If you're a technology-minded attorney, you probably anxiously awaited the release of Apple's newest gadget: the iPhone 4S. And one of the biggest "upgrades" to this new phone? The Siri speech recognition software.

Many attorneys may wonder if this new "assistant" is worth it. Certainly, the commercials look pretty awesome.

But how does Siri really stack up?

So far, reviews have been generally positive. Most find the software relatively easy to use.

GoDaddy's User Agreement Takes a Hit in Court

GoDaddy's user agreement has suffered a loss at the hands of a U.S. District Court Judge in Arizona.

A client sued the domain registration company over its practice of "parking"-- the directing of undeveloped domains to GoDaddy-created advertisements. Those advertisements bring in money, none of which is paid to the domain's registrant.

GoDaddy argued that its Universal Terms of Service granted contractual authority to engage in this practice.

The judge disagreed.

FindLaw columnist Eric Sinrod writes regularly in this section on legal developments surrounding technology and the internet.

Foreigners can be protected by the Electronic Communications Privacy Act (ECPA). The parts of the ECPA that prevent ISP's from revealing electronic communications apply to foreigners when their emails are stored on a domestic server, the Ninth Circuit has ruled.

In Suzlon Energy v. Microsoft, the plaintiff had directed a subpoena to Microsoft seeking the substance of emails between a citizen of India with respect to fraud litigation in Australia. Microsoft did not comply with the subpoena, taking the position that to do so would violate the ECPA. The federal trial court agreed and quashed the subpoena.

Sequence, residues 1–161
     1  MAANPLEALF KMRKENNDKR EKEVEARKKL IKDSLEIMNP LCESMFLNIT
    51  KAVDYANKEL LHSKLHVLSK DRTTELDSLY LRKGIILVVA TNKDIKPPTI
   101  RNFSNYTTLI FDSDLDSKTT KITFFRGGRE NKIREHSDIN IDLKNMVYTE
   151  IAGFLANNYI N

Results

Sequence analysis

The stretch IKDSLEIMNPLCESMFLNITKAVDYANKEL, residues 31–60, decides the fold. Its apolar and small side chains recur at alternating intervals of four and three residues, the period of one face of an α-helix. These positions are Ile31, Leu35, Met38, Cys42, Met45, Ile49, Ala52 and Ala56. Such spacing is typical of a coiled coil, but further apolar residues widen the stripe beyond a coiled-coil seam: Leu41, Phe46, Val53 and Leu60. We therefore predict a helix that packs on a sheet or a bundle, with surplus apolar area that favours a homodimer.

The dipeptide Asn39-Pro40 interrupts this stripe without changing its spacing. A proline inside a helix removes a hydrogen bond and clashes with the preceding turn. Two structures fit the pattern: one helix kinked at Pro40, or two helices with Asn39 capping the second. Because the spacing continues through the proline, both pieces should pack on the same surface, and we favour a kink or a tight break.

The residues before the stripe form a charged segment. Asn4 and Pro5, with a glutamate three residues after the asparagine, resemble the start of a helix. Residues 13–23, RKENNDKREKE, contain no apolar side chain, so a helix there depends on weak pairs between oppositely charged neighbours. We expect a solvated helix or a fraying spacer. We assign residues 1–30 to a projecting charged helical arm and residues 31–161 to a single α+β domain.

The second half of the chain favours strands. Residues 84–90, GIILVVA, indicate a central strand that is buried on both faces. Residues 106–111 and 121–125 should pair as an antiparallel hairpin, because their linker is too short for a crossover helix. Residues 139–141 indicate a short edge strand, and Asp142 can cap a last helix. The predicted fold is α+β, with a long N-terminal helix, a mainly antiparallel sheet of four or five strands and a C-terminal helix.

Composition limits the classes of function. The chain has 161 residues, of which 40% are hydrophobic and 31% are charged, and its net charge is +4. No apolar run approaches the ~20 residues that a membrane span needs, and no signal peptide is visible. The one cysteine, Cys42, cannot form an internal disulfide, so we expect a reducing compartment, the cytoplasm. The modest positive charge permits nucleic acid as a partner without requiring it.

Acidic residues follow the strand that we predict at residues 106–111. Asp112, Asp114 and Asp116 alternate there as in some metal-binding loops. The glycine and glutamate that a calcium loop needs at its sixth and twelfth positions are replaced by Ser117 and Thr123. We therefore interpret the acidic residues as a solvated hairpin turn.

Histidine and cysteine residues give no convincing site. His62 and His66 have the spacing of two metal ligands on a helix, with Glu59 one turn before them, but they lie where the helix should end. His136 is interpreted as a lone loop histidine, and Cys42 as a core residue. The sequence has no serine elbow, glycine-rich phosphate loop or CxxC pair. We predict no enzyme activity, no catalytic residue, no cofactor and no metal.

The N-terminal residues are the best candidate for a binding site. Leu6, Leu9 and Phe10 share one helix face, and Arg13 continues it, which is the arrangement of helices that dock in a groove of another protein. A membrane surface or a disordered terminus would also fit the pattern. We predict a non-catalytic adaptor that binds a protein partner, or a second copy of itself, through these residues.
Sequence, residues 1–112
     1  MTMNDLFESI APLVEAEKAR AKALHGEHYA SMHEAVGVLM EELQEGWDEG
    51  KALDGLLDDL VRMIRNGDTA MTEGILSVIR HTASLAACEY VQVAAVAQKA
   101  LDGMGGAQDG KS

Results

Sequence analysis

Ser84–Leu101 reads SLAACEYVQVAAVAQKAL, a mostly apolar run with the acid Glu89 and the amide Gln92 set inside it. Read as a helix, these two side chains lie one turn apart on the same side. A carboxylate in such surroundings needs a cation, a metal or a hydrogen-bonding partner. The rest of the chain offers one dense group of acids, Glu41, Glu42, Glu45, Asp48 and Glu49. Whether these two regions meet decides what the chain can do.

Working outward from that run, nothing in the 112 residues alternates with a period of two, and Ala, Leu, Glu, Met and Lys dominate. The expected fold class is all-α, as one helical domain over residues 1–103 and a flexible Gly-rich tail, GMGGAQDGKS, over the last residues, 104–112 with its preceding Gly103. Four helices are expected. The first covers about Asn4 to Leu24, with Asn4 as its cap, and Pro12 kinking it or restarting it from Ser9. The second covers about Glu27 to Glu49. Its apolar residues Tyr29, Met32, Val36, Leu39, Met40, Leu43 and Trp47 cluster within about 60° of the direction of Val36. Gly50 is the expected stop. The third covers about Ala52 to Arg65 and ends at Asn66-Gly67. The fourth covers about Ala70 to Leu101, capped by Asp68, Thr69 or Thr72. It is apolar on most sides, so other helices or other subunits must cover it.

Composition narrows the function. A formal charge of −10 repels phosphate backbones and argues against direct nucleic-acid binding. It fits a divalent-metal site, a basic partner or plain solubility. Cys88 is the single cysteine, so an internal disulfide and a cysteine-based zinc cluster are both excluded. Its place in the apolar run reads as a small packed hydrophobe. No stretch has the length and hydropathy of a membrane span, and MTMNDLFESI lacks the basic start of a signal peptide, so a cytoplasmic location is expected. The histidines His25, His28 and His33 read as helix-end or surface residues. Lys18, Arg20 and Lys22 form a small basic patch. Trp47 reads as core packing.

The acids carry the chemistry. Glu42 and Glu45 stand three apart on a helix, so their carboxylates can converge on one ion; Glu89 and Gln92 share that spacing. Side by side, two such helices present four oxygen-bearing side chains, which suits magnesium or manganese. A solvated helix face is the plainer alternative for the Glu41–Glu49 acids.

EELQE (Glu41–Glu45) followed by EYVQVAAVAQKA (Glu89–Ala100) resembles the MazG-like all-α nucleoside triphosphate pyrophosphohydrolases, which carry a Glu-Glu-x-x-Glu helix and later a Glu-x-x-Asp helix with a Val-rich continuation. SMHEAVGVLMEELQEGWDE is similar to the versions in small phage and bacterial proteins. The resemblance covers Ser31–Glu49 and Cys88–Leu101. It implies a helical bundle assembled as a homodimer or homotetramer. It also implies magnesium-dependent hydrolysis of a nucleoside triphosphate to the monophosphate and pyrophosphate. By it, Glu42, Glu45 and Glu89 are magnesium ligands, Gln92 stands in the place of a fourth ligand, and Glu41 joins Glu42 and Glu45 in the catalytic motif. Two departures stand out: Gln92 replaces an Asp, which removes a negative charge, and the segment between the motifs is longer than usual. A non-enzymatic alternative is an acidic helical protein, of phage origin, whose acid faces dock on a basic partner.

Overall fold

Making a Mobile App? How Not to Get Sued

Mobile apps and the law.

These are two things that you might never have thought would go hand-in-hand. But they do.

What lesson can be learned from the recent spate of privacy-related lawsuits against tech companies? Well, basically one thing: high tech gadgets and software need to comply with the law. If you or one of your clients is in the midst of building a mobile app, there are some legal issues you should probably consider.

FindLaw columnist Eric Sinrod writes regularly in this section on legal developments surrounding technology and the internet.

Information technology overload can be a very real thing. Don't get me wrong - technology is fantastic. Instantaneously we are on top of fast-breaking news developments. And we are in immediate and constant contact with our "friends."

But sometimes doesn't it all seem a bit too much?

Do you ever just want to turn off, take a breath and simply observe the real world around you?

Illegal for Facebook to Track Online Activity After You Log Off?

Most people who use the Internet for social networking realize that their information may not always be private. But is Facebook's tracking of user data illegal?

Is it an invasion of privacy?

That's certainly the question on the minds of many consumer advocates. And it's why they've fired off a letter to the FTC demanding an investigation. The groups say that the social networking site tracked user data after they've logged off.

Facebook has responded by saying that they've corrected the issue. And that logged-off users' information was not stored.